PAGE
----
Friday, June 18, 2010
Sunday, June 13, 2010
Ingrid and I have been married 28 years and 1 day today. People ask—and they are not joking—how Ingrid could endure me all these years. The top answers offered raise further questions about the quality of her eyesight, hearing, and short and long term memory. Mostly people assume that God has given her the most amazing gift of mercy any human has ever had. True that.
Mercy triumphs over judgment. It says that in the Good Book. It says that a lot and in big ways. We as a species deserve a harsh assessment. The God of the universe sees and knows all the stuff we have hidden from the IRS and our mothers. If He were merely “fair,” we’d all have to go to hell. That is the only rational judgment He could make. But, He holds mercy higher. When we like sheep have gone astray, the Good Shepherd comes and finds us, throws us on His shoulders and carries away from the wolves to green pastures and still waters, and stands post with His rod and staff to protect us. He is the God of the second chance—and third, fourth, fifth…
Ingrid reflects the image of this good God to me every day and in every way. We work together and most days usually find a moment or two of tension (or three or four…). We have an office in our home, and we tell people the reason we don’t allow guns in our home is that we would have a workplace shooting by Tuesday of every week. Other people watch the news on Friday and ponder how some guy could walk in and kill a bunch of his ex-co-workers. Not me and Ingrid. We get that. What Ingrid and I don’t get is how he made it all the way to Friday. Bad joke, but if you have been married a long time you get Ruth Graham’s answer to the interviewer when asked if she and Billy ever considered divorce: “Divorce? Never. Murder? Often.”
We have a marriage tradition that we have practiced for 28 years. On our first anniversary I gave Ingrid two glasses and carafe with four words engraved on it so that we would check in on these crucial things every year: Love, Faith, Promise, Forgiveness. The importance of the first three needs no explanation. These are the big three that the Love Chapter says will stand forever essential: “And now these three will always be with us: faith, hope and love. But the greatest of these is love” (1 Corinthians 13:13). Love—the practice of giving and living tender care—is the greatest thing, and that is what I need the most work on.
Ingrid identified forgiveness as her biggest challenge this year. In fact, she said she was so mad this week that she spent about a half hour at one point trying on the thought that she would not forgive me for my repeated wrongdoing. Couldn’t do it. Too much mercy in that girl. Too much Jesus in that girl. Jesus said that we should be forever forgiving and forbearing of one another—not just in marriage, but in every relationship. In fact, he made that the one condition of getting God’s forgiveness: punishment is promised “unless you forgive your brother or sister from your heart” (Matthew 18:39). Ingrid gets it: because God has forgiven her 70 X 7, because He has offered up the perfect sacrifice of His son on the cross, she too must reflect that kind of loving forgiveness to others. Good fortune for me, I say. She runs the soup kitchen for mercy around here—and I am standing in line for some mercy soup every day.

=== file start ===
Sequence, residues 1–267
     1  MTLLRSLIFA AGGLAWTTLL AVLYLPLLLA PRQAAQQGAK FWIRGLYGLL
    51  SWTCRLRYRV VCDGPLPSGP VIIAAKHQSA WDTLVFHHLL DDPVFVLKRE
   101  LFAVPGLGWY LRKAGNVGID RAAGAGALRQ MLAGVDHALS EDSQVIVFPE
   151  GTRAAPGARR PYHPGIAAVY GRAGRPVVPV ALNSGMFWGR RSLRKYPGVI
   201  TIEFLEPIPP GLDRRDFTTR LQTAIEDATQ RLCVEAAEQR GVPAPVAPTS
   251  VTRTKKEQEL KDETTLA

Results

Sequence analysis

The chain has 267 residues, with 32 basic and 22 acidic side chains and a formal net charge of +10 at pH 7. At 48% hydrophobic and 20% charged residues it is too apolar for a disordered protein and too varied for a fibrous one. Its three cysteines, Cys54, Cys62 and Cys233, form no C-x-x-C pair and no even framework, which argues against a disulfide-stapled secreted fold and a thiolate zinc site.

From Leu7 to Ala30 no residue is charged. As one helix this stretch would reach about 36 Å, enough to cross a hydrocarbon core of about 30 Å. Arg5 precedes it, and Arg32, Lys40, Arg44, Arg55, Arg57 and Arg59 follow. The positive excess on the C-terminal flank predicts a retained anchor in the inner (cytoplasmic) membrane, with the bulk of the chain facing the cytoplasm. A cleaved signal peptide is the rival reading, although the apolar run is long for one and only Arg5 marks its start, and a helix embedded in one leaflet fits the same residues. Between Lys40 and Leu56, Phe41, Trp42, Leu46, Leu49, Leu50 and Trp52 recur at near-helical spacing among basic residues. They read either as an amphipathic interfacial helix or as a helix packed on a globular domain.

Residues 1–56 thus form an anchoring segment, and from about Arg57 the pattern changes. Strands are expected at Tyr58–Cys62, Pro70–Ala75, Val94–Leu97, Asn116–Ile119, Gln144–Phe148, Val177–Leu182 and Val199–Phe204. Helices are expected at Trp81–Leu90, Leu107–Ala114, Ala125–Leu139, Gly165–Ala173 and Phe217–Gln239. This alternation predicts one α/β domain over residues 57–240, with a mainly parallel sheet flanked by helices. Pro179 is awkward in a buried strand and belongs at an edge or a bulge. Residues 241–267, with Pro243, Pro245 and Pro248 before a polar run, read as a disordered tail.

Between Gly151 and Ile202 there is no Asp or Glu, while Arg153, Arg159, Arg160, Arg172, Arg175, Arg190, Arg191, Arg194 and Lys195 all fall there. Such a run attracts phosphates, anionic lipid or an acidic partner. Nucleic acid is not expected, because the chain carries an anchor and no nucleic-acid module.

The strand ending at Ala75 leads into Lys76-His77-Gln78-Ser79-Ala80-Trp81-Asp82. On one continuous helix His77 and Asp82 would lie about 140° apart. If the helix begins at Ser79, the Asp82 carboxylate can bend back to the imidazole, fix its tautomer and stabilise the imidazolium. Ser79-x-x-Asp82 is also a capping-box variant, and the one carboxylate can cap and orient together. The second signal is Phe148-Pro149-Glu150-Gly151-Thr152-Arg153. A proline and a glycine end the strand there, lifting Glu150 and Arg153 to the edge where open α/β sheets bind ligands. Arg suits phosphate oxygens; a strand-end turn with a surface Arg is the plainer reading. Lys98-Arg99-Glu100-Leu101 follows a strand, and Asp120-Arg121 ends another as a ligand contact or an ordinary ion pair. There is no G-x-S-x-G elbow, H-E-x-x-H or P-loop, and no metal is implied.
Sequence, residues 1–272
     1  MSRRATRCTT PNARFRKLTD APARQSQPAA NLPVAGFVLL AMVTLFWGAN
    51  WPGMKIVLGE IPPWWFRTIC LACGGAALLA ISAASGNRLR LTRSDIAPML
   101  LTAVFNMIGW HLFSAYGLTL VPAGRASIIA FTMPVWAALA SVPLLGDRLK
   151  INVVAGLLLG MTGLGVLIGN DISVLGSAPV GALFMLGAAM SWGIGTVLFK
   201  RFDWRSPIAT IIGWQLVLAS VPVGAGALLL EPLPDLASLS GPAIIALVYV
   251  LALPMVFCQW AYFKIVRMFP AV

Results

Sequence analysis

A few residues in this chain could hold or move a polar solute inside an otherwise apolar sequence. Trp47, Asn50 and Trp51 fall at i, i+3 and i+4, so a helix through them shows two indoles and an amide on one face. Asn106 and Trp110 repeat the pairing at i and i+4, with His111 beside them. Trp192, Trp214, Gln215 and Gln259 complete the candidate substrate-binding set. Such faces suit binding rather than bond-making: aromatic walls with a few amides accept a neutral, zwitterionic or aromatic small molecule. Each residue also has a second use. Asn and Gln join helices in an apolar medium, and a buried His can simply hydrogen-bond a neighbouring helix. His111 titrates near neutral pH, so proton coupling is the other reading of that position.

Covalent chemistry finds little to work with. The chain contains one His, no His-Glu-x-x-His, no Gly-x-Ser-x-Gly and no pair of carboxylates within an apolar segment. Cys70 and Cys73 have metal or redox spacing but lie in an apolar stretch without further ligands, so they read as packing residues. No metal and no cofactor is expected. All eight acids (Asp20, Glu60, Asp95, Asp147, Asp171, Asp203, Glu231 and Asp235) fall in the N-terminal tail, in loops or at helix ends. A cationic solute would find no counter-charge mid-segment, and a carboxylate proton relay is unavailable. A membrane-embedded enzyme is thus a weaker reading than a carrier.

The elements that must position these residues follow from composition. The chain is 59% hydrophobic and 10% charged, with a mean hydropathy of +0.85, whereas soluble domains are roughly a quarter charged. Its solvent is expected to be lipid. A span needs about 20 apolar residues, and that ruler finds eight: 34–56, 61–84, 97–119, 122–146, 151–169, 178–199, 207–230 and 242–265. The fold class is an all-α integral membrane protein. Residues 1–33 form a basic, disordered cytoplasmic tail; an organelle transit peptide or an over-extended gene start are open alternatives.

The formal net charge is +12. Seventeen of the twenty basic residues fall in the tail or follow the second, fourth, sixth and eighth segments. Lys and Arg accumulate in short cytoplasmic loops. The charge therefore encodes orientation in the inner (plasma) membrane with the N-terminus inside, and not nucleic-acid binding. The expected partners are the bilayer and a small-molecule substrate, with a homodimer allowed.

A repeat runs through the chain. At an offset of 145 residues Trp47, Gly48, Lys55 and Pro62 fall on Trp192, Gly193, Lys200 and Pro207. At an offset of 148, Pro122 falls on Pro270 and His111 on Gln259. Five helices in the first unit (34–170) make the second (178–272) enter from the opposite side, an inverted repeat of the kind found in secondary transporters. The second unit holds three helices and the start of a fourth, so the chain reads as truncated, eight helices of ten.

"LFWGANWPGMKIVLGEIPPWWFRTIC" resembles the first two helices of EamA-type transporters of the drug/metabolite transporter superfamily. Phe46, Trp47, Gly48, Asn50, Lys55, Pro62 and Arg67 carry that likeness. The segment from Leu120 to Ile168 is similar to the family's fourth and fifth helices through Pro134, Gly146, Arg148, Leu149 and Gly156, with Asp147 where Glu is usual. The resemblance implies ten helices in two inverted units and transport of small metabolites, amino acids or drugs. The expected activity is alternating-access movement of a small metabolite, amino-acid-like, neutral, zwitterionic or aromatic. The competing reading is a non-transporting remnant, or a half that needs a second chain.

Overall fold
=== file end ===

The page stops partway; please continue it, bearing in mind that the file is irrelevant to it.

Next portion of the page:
Yes, you read correctly. I just wrote that God’s forgiveness is conditional. But before you Reformed Reformers run me out on a rail, look again. It was in quotation marks. Jesus said it, not me. It is right there in the Good Book. Mercy triumphs over judgment IF—and only if—you and I offer that same merciful attitude toward others. Read it for yourself: Matthew 18. This is the most unread chapter of the Bible in American Christianity. That’s a little scary. So many people think because they prayed the prayer they got the eternal fire insurance policy that can never be cancelled. They will be so sorely surprised when they stand before the Lord and try to explain why they called him “Lord” and sounded so religious but did not do what he said to do so clearly.
Yet, still, there is so much mercy about the place. “The steadfast love of the LORD never ceases, his mercies never come to an end; they are new every morning; great is your faithfulness” (Lamentations 3:22-23). God even designed “evening and morning—the first day” with the plan to give us daily do-over! Mercy is built into the morning. Do you feel it? God knew we would need mercy that much and that often. I know I do—ask Ingrid. But morning comes, and there we find the God of the second chance waiting with arms of grace one more time. Before the foundations of the world, the God of love provided a way back for those who would get so lost. That passage goes on to say, “‘The LORD is my portion,’ says my soul, ‘therefore I will hope in him.’ The LORD is good to those who wait for him, to the soul that seeks him” (Lamentations 3:24-25).
Mercy triumphs over judgment—and prevents murder in the home office. Thank God!